Little bits of history keep popping up as we continue to catalog the manuscript backlog. Last week I happened upon a folder that simply stated, “telegram, E.K. Winship to J.R. Hawley, 1881”. What I had found was a message concerning the assassination attempt on the President!
On July 2, 1881, Charles Guiteau took two shots at President James A. Garfield at the Baltimore and Potomac train station. Soon thereafter, E.K. Winship sent his telegram to General Joseph R. Hawley in Hartford, Connecticut, conveying the news. He mentioned that the “bore of pistol admits finger” and that “Surgeon General Barnes says doubtless fatal.” Hawley had been a General in the Civil War; after the war he served as Governor of Connecticut for one term, and from 1881-1905 Hawley was a United States Senator and a Republican leader. He was also a newspaper publisher. Garfield lingered 11 months before he finally succumbed to an infection, attributed to the doctor exploring the “bore of pistol admits finger” without sanitizing his hands. How far modern medicine has come since then. But how little progress, really, we have made in protecting public figures from people who have an agenda.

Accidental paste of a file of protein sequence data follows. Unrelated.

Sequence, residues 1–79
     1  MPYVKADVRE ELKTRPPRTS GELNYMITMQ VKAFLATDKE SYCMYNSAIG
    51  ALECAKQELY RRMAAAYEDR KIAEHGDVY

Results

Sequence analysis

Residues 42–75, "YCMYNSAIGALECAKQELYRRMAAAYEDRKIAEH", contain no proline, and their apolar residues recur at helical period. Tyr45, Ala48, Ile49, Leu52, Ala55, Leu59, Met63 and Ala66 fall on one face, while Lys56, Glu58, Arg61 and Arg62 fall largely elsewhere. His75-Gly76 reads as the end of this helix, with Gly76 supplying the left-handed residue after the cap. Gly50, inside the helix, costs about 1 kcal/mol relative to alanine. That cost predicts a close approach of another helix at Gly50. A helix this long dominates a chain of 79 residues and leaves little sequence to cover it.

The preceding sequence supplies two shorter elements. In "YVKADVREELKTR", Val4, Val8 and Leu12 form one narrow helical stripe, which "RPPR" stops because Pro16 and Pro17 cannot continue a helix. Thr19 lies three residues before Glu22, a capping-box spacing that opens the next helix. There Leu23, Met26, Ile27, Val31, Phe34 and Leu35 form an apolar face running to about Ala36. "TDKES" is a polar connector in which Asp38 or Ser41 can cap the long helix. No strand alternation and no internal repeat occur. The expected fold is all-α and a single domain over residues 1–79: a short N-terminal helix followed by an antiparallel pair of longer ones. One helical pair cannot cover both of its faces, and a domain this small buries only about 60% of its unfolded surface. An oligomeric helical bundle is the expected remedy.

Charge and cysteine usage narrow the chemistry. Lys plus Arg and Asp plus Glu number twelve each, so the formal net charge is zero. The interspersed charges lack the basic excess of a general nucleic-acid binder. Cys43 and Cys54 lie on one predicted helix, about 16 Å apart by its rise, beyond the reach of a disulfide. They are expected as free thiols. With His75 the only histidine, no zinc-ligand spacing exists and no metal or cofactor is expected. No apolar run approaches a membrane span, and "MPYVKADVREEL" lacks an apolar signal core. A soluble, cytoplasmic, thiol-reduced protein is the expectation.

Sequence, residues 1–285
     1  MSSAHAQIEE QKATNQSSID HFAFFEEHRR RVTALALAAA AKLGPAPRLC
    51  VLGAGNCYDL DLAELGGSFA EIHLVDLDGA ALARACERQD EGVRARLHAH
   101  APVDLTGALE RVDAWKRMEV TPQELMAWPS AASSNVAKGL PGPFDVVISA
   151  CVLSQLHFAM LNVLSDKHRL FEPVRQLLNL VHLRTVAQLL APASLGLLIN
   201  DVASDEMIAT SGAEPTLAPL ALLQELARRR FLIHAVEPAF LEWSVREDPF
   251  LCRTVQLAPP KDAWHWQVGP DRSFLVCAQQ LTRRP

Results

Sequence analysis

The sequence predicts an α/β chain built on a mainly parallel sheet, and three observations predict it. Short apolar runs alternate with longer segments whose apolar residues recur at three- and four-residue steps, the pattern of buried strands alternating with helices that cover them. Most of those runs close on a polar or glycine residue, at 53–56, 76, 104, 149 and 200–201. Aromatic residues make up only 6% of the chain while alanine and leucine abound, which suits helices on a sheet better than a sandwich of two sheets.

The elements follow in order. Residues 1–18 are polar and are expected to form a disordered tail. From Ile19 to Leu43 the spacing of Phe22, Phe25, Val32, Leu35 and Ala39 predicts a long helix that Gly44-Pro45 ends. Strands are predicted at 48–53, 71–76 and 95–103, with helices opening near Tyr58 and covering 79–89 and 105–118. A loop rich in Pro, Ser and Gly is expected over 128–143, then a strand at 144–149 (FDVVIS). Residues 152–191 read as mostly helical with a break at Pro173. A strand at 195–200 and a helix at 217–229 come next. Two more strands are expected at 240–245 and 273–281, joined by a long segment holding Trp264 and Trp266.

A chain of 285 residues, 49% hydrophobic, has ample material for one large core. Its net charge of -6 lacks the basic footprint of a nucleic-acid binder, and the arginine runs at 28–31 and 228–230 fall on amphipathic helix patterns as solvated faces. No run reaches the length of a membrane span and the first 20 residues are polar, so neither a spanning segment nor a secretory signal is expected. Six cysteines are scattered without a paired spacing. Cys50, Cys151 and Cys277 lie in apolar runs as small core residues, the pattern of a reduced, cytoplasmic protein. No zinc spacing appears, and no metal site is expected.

Another collection in our library contains additional information on the Garfield assassination. It is the correspondence of Frank Trusdell, a journalist assigned to the White House to await the President’s death. These fascinating letters are in the Clark and Hathaway Families Papers, 1834-1940 (Ms 90839).